(This article by Roberta Naas first appeared in her column on Forbes.)
For nearly 100 years, Swiss watch brand IWC Schaffhausen has been known for its ingenious, highly functional pilot’s watches. The brand was first to create a soft inner iron case back in the 1930’s that rendered its pilot watches anti-magnetic. Now, IWC soars to new heights by supporting the Polaris Dawn human spaceflight mission and creating a special Pilot’s Watch Chronograph Edition Polaris Dawn series of watches. The series is incredibly special in that just four pieces are being made, each to be worn in space and then auctioned to support St. Jude Children’s Research Hospital.
The Polaris Dawn watches are bright white ceramic created using a complex manufacturing process where zirconium oxide is mixed with other metallic oxides in a specific ration and then sintered at extremely high temperatures. The 44.5mm watches boasts beautiful “space” blue dial (whose color is more reminiscent of the blue oceans of Earth as seen from the dark of space) designed to support the Polaris Space mission that will take place by year-end 2022. Each of the titanium case backs of the four watches is engraved with the name of one of the four crew members who will wear his or her watch on their five-day mission. When the watches return to Earth they will be auctioned to raise funds for St. Jude Children’s Hospital.
The IWC Polaris Dawn chronographs feature dozens of stars on the blue lacquered dials along with the mission logo. The automatic chronograph is powered by the IWC Manufacture-made caliber 69380 that offers 46 hours of power reserve, chronograph function, date and day display, small hacking seconds, soft-iron inner case to protect against magnetic fields, glass secured against displacement that can be caused by drops in air pressure, a screw-in crown and more. It is water resistant to six bar – a measure of atmospheric pressure that is equivalent to 60 meters. Each watch boasts a rubber strap.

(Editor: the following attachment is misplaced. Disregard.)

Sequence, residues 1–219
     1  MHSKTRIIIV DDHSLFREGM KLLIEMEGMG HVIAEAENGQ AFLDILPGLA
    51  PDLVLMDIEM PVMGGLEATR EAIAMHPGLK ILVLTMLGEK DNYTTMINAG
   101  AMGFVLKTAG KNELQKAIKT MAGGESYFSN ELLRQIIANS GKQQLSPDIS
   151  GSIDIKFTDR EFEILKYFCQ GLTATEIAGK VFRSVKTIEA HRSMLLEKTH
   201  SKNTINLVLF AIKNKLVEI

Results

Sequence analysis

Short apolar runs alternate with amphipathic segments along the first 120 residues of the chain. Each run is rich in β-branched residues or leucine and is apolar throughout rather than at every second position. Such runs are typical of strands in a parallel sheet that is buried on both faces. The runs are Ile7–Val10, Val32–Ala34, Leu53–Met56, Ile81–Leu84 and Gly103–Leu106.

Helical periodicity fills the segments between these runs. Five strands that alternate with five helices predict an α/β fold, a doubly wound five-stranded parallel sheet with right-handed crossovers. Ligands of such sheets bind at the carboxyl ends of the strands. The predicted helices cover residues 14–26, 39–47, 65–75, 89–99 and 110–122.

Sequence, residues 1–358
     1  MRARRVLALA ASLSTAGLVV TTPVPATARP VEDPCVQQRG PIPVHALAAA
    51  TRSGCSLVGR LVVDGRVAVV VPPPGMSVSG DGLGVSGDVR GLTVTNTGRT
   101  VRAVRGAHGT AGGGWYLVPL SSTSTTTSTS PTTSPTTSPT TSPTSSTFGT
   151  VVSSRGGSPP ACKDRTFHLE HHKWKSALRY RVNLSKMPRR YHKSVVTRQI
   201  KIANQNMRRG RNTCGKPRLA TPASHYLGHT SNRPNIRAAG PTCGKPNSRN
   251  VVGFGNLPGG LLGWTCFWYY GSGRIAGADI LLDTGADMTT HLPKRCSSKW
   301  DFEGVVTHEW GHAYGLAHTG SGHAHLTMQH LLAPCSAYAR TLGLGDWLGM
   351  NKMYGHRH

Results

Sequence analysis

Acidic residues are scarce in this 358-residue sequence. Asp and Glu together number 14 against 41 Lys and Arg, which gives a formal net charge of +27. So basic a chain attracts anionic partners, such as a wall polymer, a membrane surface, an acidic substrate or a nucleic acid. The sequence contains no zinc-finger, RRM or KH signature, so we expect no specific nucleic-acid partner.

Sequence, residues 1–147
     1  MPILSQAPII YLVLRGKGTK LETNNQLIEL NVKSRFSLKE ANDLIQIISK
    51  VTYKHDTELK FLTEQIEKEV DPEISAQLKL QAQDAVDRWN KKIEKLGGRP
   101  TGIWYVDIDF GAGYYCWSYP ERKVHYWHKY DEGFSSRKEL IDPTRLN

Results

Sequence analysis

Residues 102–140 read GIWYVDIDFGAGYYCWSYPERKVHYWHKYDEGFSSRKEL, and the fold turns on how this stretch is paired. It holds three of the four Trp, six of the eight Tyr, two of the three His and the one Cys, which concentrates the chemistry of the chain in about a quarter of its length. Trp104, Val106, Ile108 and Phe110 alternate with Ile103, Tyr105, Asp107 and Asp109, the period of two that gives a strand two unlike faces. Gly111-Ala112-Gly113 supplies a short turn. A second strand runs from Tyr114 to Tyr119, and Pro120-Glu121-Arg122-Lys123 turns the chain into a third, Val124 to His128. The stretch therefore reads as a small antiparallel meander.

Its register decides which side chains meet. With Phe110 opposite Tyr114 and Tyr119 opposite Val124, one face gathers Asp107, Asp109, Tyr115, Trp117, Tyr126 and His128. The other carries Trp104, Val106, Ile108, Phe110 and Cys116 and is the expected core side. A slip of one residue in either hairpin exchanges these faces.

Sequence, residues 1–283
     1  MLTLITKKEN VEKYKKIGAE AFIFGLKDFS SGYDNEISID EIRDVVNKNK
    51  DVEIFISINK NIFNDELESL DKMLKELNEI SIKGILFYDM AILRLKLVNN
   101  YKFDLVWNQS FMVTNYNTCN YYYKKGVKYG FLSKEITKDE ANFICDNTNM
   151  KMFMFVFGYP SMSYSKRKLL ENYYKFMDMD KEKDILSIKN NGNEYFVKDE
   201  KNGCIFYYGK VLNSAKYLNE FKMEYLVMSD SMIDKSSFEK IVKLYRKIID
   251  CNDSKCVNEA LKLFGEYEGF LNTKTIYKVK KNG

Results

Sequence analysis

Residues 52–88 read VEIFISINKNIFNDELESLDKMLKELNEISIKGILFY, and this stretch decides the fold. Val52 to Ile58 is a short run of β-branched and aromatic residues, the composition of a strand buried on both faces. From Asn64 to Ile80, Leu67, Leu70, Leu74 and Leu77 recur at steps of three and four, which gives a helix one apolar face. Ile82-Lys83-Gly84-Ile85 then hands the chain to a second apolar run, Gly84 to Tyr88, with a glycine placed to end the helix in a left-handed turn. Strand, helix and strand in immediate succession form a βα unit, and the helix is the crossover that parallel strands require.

The Polaris Dawn mission is the first of three human spaceflights that are part of the Polaris Program working with SpaceX. The mission is commanded by Jared Isaacman, American entrepreneur and mission commander of last year’s Inspiration4 mission. (That mission was the first all-civilian mission and it helped to raise more than $240 million for St. Jude Children’s Research Hospital).
Throughout the mission, scientific research focused on advancing human health on Earth (the St. Jude Children’s Research Hospital tie-in) and on understanding long-duration space flights and their effects on human health. The individual will be in space for five days, will attempt the highest Earth orbit ever flown and will attempt the first commercial spacewalk. In addition to Isaacman, the crew includes retired U.S. Air Force Lieutenant Colonel Scott “Kidd” Poteet and SpaceX Lead Space Operations Engineers Sarah Gillis and Anna Menon.